Wireless charging is coming to existing charging points in the UK. After sealing a partnership with the German induction technology specialist Magment, Connected Kerb is going to bring wireless EV charging to the UK. The inductive charging plates will be installed on UK streets and in carparks.
The deployment of the inductive charging plates will begin within the next two months. Drivers will then be able to charge their electric vehicles by parking over the inductive pad sunk into the road. No plugs or cables are necessary.
Connected Kerb’s CEO, Chris Pateman-Jones said, “Induction charging will arrive faster than perhaps many people think. Vehicle manufacturers are increasingly including induction charging technology in their new models, but at present, there are only a handful of induction-enabled EV charge points. We aim to change that. We’re delighted to be leading the charge in this exciting area with the team at Magment.”
Connected Kerb now has the advantage of being able to provide induction capabilities within its existing charge points. Installing the inductive plates can easily be carried out as a simply upgrade to existing charge points.
Pateman-Jones continued, “Importantly, in the short term, induction opens up EV for disabled people, who are currently excluded from EVs by trailing cables and accessibility. Longer-term, induction charging will be the path to ubiquitous electrification of all parking bays without the street furniture and cable clutter that dominates EV charge point technology today.”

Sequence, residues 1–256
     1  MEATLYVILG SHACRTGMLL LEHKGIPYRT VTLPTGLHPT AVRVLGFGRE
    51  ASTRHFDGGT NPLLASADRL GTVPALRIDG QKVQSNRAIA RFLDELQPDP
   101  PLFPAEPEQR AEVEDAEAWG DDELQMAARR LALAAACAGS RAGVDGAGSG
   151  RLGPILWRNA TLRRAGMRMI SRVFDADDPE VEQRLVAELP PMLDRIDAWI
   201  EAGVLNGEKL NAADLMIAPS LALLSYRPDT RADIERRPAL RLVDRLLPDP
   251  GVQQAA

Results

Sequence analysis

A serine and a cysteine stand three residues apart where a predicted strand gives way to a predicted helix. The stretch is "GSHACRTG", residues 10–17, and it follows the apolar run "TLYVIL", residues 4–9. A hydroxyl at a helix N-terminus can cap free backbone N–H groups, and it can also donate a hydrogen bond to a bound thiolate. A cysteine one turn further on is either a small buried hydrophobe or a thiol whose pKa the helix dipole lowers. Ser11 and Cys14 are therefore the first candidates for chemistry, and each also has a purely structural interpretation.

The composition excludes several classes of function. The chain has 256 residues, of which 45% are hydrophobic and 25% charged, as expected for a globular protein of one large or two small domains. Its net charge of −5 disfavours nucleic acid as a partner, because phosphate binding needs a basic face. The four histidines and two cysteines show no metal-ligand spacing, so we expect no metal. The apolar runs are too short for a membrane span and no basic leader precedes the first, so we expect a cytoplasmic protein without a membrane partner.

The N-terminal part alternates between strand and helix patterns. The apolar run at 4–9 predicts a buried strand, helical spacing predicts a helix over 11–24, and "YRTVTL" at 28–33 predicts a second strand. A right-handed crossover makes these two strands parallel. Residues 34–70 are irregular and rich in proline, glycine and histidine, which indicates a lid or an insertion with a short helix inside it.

Inductive charging is possible with the use of an induction coil to generate an alternating electromagnetic field from within a charging base. A second induction coil in the vehicle converts the electromagnetic field back into electricity. This allows charging to be done without needing a direct physical connection to the vehicle.
Magment’s CEO, Mauricio Esguerra commented: “We like the way in which supporting induction charging becomes a logical upgrade with CK’s technology, not a new infrastructure build.”
Until now, inductive charging trials in the UK have been primarily centred around electric buses, so that they can charge at bus stops or depots. In Milton Keynes, a pilot project allowed the council to discover further use of the technology and expanded use cases to include smaller vehicles such as taxis, but also private cars.
The deployment of Connected Kerb inductive charging internationally will start in the middle of next year.
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